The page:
Ask Bob: What are your favorite machines?

Gold Master Metal Detector

This is the workhorse
of the White’s Prospecting Detectors
The newest version of the Legendary
Whites Goldmasters, this unit
has Three ways to Groundbalance: Manual, Automatic
and Grab
For price and raw performance on small gold the GMT is without competition


SL 7.5/12 Metal Detector

Watch my Videos
for the Low Down on this Killer Detector


E-Series Metal Detector

This cousin of the GMT offers Coin
and Jewelry and Relic Hunting
along with serious prospecting. The trade off
on Gold is versatility
At 15Khz you will not hear the sub grain nuggets that
the GMT will hear
But you will be able to hunt dry beach, parks and Ghost
Towns with full
target ID and discrimination. This unit cannot be beat as
the all around best
unit for the West.


Ask Bob: How do I weigh my gold?

When weighing gold, we always weigh in troy ounces (ozt). The troy ounce is derived from the Roman monetary system and has been used to weigh precious metals to this day. It is not the same as an avoirdupois ounce, the unit we use to weigh just about everything else.

The troy ounce is heavier than the regular ounce by about 9%. Thus, it takes 1.09 regular ounces to make a troy ounce. So, because the price of gold is always quoted in troy ounces, you’d be getting less gold for your money if you were to buy gold weighed on a regular scale!

Another oddity that comes to us from Rome is the symbol for pennyweight: dwt. The d stands for denarius, which equates to about a penny.

The table below shows comparisons between various measurements used to weigh gold. You can use this table to convert from one measurement to another.

Troy Ounces 20 31.1 480

For instance, say you have 10 grams of gold. You can use simple math to convert that to any other measurement:

10g ÷ 31.1 = 0.32 ozt
0.32 ozt × 20 = 6.4 dwt
0.32 ozt × 480 = 153.6 gr

Ask Bob: Which coil should I use?

We all want to use the biggest coil we can for the condition. The ground ant type of terrain will determine what you can use. In big open areas with medium ground you can swing a good size coil and cover more ground, however, big coils tend to give up sensitivity to smaller gold targets. If hunting relics and coins, this will not hurt much. This can also be a bonus, allowing you to not detect the very tiny shards of metal.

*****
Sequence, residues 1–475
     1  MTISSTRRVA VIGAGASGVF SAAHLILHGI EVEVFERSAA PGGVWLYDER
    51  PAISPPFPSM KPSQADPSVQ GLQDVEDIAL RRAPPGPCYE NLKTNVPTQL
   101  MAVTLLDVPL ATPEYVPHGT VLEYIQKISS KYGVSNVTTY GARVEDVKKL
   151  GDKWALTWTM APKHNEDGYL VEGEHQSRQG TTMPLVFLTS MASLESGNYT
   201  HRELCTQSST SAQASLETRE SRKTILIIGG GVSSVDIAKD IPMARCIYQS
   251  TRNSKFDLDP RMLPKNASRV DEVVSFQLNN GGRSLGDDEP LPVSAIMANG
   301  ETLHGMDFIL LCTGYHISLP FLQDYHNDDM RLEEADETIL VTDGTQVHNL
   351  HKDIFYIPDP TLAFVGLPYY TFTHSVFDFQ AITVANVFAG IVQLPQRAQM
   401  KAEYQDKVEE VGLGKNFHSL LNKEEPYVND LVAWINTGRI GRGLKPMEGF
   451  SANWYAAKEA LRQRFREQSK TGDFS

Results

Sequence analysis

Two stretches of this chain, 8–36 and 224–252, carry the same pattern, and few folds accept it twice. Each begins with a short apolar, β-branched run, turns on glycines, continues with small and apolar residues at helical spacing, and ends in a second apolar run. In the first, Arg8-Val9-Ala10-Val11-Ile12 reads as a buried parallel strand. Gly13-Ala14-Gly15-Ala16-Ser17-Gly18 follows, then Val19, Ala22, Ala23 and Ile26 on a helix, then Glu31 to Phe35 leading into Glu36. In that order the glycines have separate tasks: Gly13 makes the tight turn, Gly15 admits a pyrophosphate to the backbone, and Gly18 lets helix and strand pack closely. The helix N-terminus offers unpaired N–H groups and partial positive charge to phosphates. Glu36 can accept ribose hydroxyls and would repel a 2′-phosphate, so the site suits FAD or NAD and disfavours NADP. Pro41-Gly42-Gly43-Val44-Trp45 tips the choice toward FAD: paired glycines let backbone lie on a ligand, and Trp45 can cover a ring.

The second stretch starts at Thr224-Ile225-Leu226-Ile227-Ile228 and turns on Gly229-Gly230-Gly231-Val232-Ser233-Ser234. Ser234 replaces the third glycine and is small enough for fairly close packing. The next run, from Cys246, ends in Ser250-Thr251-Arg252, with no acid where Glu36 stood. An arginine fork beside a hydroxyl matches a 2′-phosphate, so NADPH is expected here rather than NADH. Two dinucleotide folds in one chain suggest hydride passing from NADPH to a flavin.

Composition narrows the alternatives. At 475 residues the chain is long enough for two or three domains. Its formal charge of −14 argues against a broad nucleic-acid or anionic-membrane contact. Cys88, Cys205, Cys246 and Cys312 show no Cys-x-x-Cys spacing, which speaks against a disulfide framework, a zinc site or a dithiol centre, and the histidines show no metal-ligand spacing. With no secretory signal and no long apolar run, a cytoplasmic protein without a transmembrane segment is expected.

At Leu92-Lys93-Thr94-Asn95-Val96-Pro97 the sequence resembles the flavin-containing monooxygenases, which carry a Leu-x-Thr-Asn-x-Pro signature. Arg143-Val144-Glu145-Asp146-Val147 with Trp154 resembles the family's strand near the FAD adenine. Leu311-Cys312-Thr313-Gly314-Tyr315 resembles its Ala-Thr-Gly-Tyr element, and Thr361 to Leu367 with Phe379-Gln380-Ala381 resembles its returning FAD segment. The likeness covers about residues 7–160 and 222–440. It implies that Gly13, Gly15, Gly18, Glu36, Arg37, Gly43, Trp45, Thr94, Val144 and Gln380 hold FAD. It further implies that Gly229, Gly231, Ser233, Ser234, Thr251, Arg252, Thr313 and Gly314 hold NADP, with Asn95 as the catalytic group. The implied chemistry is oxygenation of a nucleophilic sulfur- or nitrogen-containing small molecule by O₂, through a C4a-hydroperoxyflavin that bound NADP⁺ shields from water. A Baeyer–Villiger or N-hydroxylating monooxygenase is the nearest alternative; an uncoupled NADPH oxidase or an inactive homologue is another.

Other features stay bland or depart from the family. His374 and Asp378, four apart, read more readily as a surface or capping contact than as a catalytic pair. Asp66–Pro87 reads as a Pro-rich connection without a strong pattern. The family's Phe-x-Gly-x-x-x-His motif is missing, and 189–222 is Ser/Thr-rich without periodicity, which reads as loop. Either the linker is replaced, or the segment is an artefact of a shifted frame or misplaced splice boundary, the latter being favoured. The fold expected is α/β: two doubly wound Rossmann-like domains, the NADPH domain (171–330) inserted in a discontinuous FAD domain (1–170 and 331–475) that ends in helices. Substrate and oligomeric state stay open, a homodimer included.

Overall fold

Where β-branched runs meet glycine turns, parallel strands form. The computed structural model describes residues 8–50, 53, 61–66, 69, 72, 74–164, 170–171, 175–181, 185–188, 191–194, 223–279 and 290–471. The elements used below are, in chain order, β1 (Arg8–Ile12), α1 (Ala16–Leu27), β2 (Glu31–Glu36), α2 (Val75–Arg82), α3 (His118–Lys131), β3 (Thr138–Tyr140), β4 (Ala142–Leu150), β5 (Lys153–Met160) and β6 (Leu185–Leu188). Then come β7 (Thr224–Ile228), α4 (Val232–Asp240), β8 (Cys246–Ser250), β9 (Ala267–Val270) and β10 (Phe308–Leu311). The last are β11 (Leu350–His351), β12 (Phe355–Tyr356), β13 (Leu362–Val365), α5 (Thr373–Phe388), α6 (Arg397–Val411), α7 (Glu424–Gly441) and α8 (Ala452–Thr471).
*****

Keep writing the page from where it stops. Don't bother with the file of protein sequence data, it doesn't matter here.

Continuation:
Areas that are very rocky and have lots of brush will present a challenger for big coils. Ground mineralization can also be a huge factor with big coils. Noisy ground from high mineral content will need a smaller coil to get a smooth threshold. Choose the largest coil for the conditions. If the big coil is not smooth, you have ground balanced well, and have lowered the gain by several numbers, this would be the time to drop coil sizes… Small coils have their place, and if one only has a choice of one or two coils due to the backpacking in or funds, then go for small to medium coils. They will work everywhere no matter what. You just will not get the coverage. It’s easier to pinpoint a target with smaller coils, and they’re more

sensitive to smaller items and gold. They ground balance much easier and are also much lighter.

DD or Mono?


Mono coils, under most conditions, are deeper coils than DDs. They give a bowl shaped field and “see” a lot of ground under the coil. Your first choice should be a Mono if you can. However, if the mineral content of the ground is very high, or there is a huge amount of trash, then a DD is going to serve you better.
DD coils have a narrow blade field running the center of the coil. These coils have both a transmit (TX) and receive (RX) coil inside, which overlap in the middle. These coils also do well in areas where you have lots of electromagnetic interference (EMI). The blade shape of the DD also has a greater target separation. This means that, if a quarter were next to a pull tab, the detector could “see” both targets as separate items, where a mono field would cover both targets at once and you’re going to have a harder time determining that there are two separate items.


If a larger piece of iron is next to gold, the detector will “see” the iron and pass gold with a mono, but you have a chance of separating the gold from the iron with a DD coil, DD coils do not hit as deep as monos, but under severe hot ground, they are deeper as they “see” less ground under the coil than a mono of equal size. If you are finding that you just cannot seem to get a smooth threshold in a spot, or the trash is very high, then you should switch to a DD for better results.